or district manager, it’s hard to find people ”“ you’ve got to try to
steal them from somebody else.”

During a large labour dispute in Alberta last fall, Maslen needed investigators and had to fly some in from Ontario.

While the pay for security officers is slowly increasing, some contract
security providers are stuck because they’ve signed three-year
contracts with customers to supply security officers.

“You can’t give your security officer a raise until your bill rate goes
up,” says Maslen. “Then they get stuck. They get real high turnover and
the performance of the security officer isn’t going to be as good.”

Companies that have their own in-house security officers are typically
better off, since they have the ability to provide salary increases,
bonuses and other incentives such as training.

Gina Arbeau, security manager for Cadillac Fairview’s Market Mall in
Calgary, relies mainly on in-house security officers, but hires
contract employees over the Christmas season or for special events.

Prior to this, she worked as an HR manager for a contract security
company. “I hired about 300 people in a year-and-a-half and 300 people
went out the door,” she says. “They weren’t necessarily the same
people, it’s just that it’s a revolving door, especially when it comes
to contract security.”

In-house security tends to be more stable because of the benefits, says
Arbeau, and a key component of that is training. The company offers
training in first aid, LEBA (Law Enforcement Bicycle Association) and
PPCT (Pressure Point Contact Training), as well as cooperative
policing. It’s also looking into terrorist training from the RCMP.
“This kind of training becomes a launching pad for them to get into
places like the RCMP, fire department, EMS, which is exactly what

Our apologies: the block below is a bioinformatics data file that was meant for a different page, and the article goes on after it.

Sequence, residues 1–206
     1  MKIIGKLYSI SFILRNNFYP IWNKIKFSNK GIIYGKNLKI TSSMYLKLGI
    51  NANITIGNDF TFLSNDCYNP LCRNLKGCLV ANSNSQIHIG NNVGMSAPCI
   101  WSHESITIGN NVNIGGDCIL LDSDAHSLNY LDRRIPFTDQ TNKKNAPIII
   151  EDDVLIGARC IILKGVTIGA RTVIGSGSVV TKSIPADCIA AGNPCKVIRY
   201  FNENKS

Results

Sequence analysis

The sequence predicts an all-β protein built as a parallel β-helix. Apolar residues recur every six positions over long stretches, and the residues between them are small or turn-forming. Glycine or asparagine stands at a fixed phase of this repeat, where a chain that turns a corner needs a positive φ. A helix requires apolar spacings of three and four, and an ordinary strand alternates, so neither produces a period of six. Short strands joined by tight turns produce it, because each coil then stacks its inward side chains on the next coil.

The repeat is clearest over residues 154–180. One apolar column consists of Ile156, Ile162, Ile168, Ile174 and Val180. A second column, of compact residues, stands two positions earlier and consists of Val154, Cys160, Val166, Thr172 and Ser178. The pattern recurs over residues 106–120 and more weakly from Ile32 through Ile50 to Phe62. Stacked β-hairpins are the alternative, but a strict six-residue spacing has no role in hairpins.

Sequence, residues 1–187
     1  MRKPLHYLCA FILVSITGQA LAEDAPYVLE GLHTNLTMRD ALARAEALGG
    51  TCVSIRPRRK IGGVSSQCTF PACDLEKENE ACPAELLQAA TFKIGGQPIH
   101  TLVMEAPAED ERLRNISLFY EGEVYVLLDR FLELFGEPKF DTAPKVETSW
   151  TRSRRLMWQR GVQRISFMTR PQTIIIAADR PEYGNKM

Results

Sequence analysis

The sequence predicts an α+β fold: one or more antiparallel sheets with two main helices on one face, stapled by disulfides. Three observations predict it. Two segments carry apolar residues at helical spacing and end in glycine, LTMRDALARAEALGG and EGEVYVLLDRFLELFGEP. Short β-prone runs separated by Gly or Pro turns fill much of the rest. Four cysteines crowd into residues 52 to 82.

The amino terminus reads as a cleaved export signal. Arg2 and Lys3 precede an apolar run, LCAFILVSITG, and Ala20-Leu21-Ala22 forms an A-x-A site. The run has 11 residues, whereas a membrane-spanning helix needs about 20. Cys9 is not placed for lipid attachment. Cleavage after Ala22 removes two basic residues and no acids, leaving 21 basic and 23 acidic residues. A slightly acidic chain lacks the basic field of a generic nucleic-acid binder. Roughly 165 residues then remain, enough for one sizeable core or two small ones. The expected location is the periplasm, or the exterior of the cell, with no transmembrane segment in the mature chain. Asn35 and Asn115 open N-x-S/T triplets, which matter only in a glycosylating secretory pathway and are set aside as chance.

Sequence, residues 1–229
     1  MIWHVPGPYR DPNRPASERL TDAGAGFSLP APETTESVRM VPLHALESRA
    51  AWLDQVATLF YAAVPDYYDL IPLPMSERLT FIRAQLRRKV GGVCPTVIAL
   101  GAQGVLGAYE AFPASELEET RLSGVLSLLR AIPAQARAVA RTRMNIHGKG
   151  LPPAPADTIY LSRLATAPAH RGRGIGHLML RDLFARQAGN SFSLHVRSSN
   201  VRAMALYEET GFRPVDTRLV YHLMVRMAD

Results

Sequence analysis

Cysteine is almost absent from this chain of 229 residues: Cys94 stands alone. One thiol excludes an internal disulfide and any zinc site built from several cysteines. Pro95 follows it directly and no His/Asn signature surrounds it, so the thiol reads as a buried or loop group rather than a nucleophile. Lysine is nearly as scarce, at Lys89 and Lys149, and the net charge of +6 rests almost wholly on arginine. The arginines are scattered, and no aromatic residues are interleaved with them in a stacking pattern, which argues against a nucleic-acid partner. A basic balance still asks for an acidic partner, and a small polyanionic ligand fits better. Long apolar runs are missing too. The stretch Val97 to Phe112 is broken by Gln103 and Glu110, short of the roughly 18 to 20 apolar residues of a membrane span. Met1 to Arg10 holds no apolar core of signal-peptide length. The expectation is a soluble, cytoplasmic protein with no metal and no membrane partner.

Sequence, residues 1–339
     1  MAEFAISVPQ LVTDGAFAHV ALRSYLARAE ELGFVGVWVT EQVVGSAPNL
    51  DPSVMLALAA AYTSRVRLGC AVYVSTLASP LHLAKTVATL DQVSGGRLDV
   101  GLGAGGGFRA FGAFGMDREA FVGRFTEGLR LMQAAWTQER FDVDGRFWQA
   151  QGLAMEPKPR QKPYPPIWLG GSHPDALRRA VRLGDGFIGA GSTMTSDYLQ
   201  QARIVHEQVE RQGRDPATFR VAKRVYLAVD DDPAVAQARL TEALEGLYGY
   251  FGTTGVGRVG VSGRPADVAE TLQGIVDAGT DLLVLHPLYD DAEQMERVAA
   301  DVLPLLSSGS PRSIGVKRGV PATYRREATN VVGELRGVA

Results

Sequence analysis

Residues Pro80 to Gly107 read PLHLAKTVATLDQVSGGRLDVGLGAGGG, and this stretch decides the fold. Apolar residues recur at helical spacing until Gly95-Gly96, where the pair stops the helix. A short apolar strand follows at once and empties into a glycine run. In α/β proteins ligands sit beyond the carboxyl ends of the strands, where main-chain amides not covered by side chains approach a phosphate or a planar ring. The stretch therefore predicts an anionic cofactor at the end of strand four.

happens,” she says.

During the hiring process, ads don’t help much because she gets resumes
from people who have some experience but little initiative. She usually
hires people who are referred, often from the police department, which
has a volunteer centre for people interested in getting into policing.

Just recently, the company offered a salary increase for retention
purposes. “This is the first time I’ve ever worked for a company that
gave their security officers bonuses for performance,” she says. The
company also has award recognition for outstanding work, called the
Smile Awards (ranging from $25 to “the sky’s the limit”).

On the IT security side, the picture is somewhat brighter, simply
because of the nature of information technology. Some of the work IBM
does for Alberta-based clients, for example, doesn’t have to be
performed physically in Alberta.

“We have a security operations centre in Toronto that supports clients
in Alberta,” says Richard Branston, general manager and business unit
executive for IBM security solutions at IBM Canada Ltd. “That allows us
to leverage that and not be impacted by significant cost increases in
the Alberta marketplace.”

Also, because of the company’s broad reach across Canada and around the
world, it’s able to hire people in different geographies and deploy
them to Alberta. “We’re working with some oil and gas firms [in
Alberta] and we’re using security expertise from Toronto and Eastern
Canada,” he says.

But even IBM has to pay attention to its retention strategy —
particularly in high market pressure areas like Alberta. This includes
providing education and training, a positive working environment, and
awards, bonuses and financial packages, as well as a strong research
and development approach, which tends to attract security

“Working for IBM gives them access to global assignments, so they get
hired in Alberta and two years later they’re working on a project in
Mainland China,” says Branston, “and a lot of companies can’t offer
that type of career development.”

For Alberta-based companies, it’s much more difficult. “Because we need
qualified, alert people that are willing to respond to things that
could be dangerous, it’s going to be tough [to find people],” said
Market Mall’s Arbeau. “I don’t know how long we can hold out before
we’re doing another retention incentive.”

Even Dairy Queen, which offers $11 an hour to dispense ice cream, is still looking.